Lab 5 Practice with Static Members and Such Solution

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The main goal of today’s lab is to practice using static methods and static variables, while continuing to practice creating classes and methods.


  1. Make a copyof the code from Lecture 5, in a new folder. Verify that it still works as expected in your IDE (whether VSCode or IntelliJ). (Sometimes you may need to tweak path for imports, etc.) Keep the original version intact for possible use in future lecture activities.


  1. Modify your copy as follows:


  1. Refine the dateCheck to consider how many days are in a month and whether or not it is a Leap Year (29 days in February?). Add tests to the main method to verify. (Hint:


  1. Complete the monthString method to work for all 12 months. Add tests to the main method to verify correct operation.


  1. Consider the Person class, which has private member variables name(a String), born (a Date), and died (a Date). All three types are objects, not primitive types, and so the return value is a reference. So, why is it OK to return the name, without making a copy of it, but in the case of born and died, it is important for the accessor method to return a copy? Draw a diagram similar to slide 25 of the lecture. Create a sample Java code file using Person where the accessor not returning a copy might lead to a bug. Your response should include a photo (eg smartphone) or screenshot of your diagram (as a .png, .jpg or similar file type), your sample code, with a sentence or two of commentary in your sample code file, explaining the issue in the form of comments.


  1. Create a new class, Country, with a String instance variable name, an int instance variable population, and an int instance variable seniority. The seniority of the oldest existing country should be 0. The next oldest country should have seniority of 1, etc. To keep track of things, you will need to provide a staticint variable called NumberOfCountries. It should be private, but have a public accessor method. There should not be a mutator method for this member. The constructor(s) for countries should increment this counter. Create test code in a main method to demonstrate correct behavior.


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  1. Create an initial version of a class, Fraction. To construct a fraction, you will need an integer numerator and an integer denominator. The numerator can be any legal int, but the denominator must be a positive int. Hence, if a fraction is negative, the numerator must be negative.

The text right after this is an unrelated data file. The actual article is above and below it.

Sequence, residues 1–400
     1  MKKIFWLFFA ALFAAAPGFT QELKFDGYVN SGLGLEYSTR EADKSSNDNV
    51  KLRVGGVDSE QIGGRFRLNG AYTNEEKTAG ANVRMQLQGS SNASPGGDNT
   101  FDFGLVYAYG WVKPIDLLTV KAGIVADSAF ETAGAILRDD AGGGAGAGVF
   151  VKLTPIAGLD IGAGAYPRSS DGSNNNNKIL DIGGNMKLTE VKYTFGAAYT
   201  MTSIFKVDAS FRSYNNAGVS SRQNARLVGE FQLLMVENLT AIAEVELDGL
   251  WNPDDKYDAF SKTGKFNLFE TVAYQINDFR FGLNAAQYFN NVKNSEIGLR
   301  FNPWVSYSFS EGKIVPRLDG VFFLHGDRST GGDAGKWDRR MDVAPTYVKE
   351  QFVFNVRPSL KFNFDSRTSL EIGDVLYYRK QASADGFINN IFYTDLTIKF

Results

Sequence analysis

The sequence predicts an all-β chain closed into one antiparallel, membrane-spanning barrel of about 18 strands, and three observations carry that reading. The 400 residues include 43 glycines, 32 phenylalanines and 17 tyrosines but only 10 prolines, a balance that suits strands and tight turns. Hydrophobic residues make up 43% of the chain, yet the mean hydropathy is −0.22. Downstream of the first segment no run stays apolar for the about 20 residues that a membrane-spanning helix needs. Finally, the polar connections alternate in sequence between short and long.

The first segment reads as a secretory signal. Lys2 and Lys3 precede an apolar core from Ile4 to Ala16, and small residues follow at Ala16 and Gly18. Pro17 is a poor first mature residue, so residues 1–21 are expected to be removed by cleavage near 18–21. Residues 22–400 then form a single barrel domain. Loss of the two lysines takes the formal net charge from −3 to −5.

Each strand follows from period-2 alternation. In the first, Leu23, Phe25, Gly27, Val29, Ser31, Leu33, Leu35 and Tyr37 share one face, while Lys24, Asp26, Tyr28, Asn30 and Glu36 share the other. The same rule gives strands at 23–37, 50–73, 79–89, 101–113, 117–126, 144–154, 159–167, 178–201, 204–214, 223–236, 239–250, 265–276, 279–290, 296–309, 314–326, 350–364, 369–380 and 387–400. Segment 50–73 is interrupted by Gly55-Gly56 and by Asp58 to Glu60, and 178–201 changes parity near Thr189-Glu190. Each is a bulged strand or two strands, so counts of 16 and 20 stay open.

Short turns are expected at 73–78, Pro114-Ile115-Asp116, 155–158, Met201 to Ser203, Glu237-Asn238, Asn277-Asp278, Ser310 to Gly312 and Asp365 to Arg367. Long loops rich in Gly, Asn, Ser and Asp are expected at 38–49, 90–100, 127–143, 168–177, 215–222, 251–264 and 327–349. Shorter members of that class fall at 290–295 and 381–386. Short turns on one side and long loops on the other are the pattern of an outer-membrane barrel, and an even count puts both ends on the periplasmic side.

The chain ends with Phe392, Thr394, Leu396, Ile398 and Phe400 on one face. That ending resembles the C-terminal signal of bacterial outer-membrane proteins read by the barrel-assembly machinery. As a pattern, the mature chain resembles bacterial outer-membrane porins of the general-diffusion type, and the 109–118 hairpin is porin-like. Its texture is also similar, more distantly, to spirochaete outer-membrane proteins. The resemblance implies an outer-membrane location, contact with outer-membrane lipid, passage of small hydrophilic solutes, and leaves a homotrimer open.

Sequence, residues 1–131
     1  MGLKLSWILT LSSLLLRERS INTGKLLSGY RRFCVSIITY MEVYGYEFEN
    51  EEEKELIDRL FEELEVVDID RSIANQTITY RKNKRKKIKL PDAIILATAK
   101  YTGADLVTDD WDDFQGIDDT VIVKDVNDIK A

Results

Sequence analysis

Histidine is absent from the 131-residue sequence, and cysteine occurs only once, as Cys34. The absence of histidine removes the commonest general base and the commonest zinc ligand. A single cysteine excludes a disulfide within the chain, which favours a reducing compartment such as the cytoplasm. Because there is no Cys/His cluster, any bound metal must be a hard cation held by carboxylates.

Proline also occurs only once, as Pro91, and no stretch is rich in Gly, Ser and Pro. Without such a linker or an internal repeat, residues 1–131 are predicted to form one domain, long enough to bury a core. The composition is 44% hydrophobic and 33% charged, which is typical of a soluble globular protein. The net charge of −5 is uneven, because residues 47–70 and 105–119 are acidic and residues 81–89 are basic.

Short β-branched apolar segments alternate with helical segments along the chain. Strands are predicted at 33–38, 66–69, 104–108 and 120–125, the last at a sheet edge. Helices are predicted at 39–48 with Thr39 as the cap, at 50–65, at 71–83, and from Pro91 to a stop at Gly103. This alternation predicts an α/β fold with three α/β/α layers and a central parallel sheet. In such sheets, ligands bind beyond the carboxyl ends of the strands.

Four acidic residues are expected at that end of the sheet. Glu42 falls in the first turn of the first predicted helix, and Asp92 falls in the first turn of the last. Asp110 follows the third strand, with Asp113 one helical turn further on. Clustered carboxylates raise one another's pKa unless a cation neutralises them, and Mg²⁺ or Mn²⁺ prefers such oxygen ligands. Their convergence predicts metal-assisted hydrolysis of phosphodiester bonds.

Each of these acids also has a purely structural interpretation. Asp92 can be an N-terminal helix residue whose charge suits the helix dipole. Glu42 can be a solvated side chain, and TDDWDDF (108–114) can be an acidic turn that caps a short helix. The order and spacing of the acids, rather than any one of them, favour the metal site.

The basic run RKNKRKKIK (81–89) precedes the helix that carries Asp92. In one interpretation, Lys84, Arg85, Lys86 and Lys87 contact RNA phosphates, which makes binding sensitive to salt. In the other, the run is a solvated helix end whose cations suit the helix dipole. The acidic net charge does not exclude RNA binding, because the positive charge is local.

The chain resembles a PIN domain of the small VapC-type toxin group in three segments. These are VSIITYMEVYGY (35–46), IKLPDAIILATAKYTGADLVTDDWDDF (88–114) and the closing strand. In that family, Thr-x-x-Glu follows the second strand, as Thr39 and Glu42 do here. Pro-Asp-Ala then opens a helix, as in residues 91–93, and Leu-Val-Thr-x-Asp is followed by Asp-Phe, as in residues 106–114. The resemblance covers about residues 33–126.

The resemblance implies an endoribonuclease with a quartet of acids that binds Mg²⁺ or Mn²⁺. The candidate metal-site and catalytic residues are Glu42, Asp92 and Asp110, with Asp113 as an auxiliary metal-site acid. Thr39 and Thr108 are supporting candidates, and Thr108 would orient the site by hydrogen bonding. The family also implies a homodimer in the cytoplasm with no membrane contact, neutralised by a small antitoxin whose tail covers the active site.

1. For now, your constructor should check whether the denominator is legal and, if not, print an error message and call System.exit(-1). You should provide accessors (“getters”) for the numerator and denominator. Also create a public Boolean method, isEqualTo, which accepts another fraction as input and returns true if they represent the same value. (For example, 1/2 is equal to 2/4, and 3/2 is equal to 9/6.) Hint: cross-multiply.


  1. Also add a method, toDouble, that returns a double that is approximately equal to the value of the fraction, but expressed in decimal notation. (For example, toDouble(1/2) is (approximately) equal to 0.5.) Create a main method with several examples to test your code so far. Turn in this file, but first rename it to java, so you can now edit a copy.


  1. Make a copy of the initial version, in a new file, as a new project in your IDE. Edit your copy to add setters for the numerator and denominator. Note that the setter for the denominator should ensure that it is a positive integer, as was required in the above constructor. Hence, you probably now have duplicate/redundant code to handle this error checking. There are two ways to avoid this problem. Describe one in a comment in your file, and then implement a different (Either way is fine.) Modify the main method to add tests for your new setters as well. Also turn in this file, but you can go ahead and call this improvedversion


  1. Create a java class TestFinal using the finalkeyword on an instance variable. Try creating and testing a mutator (“setter”) method for it. Also trying setting Math.PI. Turn in with comments about what happens.


Submit your answers to above items to Canvas for CS5005 (due next Thursday by midnight). Only your .java files and one picture file (eg .png) for the above need to be uploaded. Prompt submission encouraged, but late submissions are still better than not submitting.



  1. Work on any unfinished labs or CS5004 homework assignments. If finished, submit homeworks to Canvas CS5004 (normally due Mondays at 2 AM).



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